….the separation of Bangladesh, the inability to resolve regional and sectarian disputes, the inability to sustain a clear concept and direction to Pakistan’s Nationalism and finally failure to create a modern cohesive nation state.

Pakistan’s political system is dominated by elite groups. In addition it faces the dilemma of chronic military rule. ….

….Sindh, the southern most province of the state possesses one of the most varied demographical set-ups in Pakistan. There is a very fragile ethnic balance between Sindhis and non-Sindhis. After partition many of the immigrants from Uttar Pradesh and Madhya Pradesh in India moved mainly to Karachi, but also to Hyderabad, Sukkur and other cities of Sindh.

This massive influx of Mohajirs from India and other nationalities resulted in a greater control of people from this transmigration over the economy, jobs and posts in the state apparatus. Although this phenomenon had a greater impact on urban Sindh, the deprivation was felt also in rural Sindh especially amongst the Sindhi middle classes. The acquisition of State and other lands by Punjab Generals and other settlers further aggravated this feeling of national deprivation amongst the Sindhi populace. There are several other factors which fuelled these sentiments. ….

….At the heart of nationalist sentiments in Pakistan is the perception by non-Punjabis that the Punjabi nationality dominates the economy, politics, society and the state. There is considerable evidence to support this perception. First, Punjabis constitute a majority of the population, approximately 60%; second, they dominate the civilian bureaucracy and the military; third, the Punjab is by far the wealthiest and most developed province in the state. And this perception is ironically fuelled by governmental policies designed to assuage such perceptions. ….

…. G. M. Syed can rightly be considered as the founder of Sindhi nationalism. He formed the Sindh Progressive Party in 1947 and demanded provincial autonomy within a socialist framework. In 1953 he formed the SindhAwami Mahaz. G. M. Syed himself a middle sized landlord represented the grievances of that class as well. …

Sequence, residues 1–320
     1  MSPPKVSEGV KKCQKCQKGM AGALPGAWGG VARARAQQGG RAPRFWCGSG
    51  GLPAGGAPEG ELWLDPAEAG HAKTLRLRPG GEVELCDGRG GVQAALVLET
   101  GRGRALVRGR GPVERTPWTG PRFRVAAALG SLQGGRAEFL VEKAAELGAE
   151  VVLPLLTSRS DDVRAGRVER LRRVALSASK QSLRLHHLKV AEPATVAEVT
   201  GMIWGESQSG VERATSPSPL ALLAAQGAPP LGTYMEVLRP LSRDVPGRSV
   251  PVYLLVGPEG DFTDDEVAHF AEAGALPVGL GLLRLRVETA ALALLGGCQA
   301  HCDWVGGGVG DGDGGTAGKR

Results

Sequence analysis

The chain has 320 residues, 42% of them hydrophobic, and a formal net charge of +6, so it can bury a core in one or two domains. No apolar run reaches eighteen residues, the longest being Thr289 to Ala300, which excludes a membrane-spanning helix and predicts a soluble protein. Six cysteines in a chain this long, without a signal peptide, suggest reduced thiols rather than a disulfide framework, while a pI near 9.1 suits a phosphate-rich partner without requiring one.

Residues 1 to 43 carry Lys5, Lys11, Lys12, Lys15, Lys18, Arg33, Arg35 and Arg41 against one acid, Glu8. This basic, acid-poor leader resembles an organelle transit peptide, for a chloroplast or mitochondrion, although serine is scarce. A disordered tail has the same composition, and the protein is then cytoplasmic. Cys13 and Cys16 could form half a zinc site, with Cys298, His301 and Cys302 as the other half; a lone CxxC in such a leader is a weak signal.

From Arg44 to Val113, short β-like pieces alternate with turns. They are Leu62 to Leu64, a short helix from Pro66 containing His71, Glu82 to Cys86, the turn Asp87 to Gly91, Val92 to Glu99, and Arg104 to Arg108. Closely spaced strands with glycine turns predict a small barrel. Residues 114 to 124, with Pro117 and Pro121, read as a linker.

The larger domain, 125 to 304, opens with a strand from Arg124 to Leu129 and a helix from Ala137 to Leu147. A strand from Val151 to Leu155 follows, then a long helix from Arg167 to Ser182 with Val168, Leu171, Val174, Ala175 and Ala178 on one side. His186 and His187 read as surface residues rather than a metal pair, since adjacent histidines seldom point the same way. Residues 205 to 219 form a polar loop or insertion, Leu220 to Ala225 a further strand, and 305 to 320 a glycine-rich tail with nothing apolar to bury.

… There have been several movements in Sindh over the last 60 years but there are three very significant mass upsurges that shook the echelons of power in Islamabad. These are the movements of 1968-69, 1983 and to some extent that of 1986. All these movements had different intensities, character, orientation and motivations. …

Zia was the son of a Mullah who had migrated from Eastern (Indian) Punjab and was American-trained at Fort Bragg. His atrocities, his make up and his background were enough to provoke massive hatred from the masses in Sindh. Zia’s repression of the Sindh was no less than the brutalities of British colonialists inflicted upon the mass of the subcontinent and other colonies. All this unleashed a glorious movement of the Sindhi masses against the military dictatorship. Although this movement had significant nationalist overtones, fundamentally it was linked to the general class resentment against this regime.

The movement failed because the regime was able to foster ethnic and nationalist discord especially in urban Sindh and in other main cities and provinces of Pakistan. In Karachi the Pakistani state devised the instrument of the MQM, the Punjabi Pushtoon Ittehad, Islamic fundamentalists and other reactionary outfits to break the momentum of struggle that was developing along class lines.

Still the movement raged on. In such circumstances whenever national antagonisms coincided with class contradictions they became especially hot. According to the official figures 1263 innocent people were slaughtered by the army in rural Sindh while thousands more were injured. There are heroic episodes of resistance that have now become legends in Sindhi folklore. …

… In 1986 the movement in Sindh was actually the last nail in Zia’s coffin. …

… If we in Sindh should achieve “freedom” through the same phenomenon as in Bangladesh we may well get freedom from non-Sindhi capitalists, but we will be all the more cruelly exploited by Sindhi capitalists and landlords. These nationalists do not want freedom from poverty, misery, unemployment; they just want freedom to establish control over their own market where they could extract a huge surplus by squeezing the last drop of the workers’ blood.

The feudal landlords want freedom to exploit the peasants and working class …

… We will take revenge for the crime of partition of India through the formation of a Red Revolutionary Subcontinent. As Comrade Lal khan says, “The unification of the Indian subcontinent will be on a much higher plane than the 1947 Partition.” …

To read full article :→ Marxist.com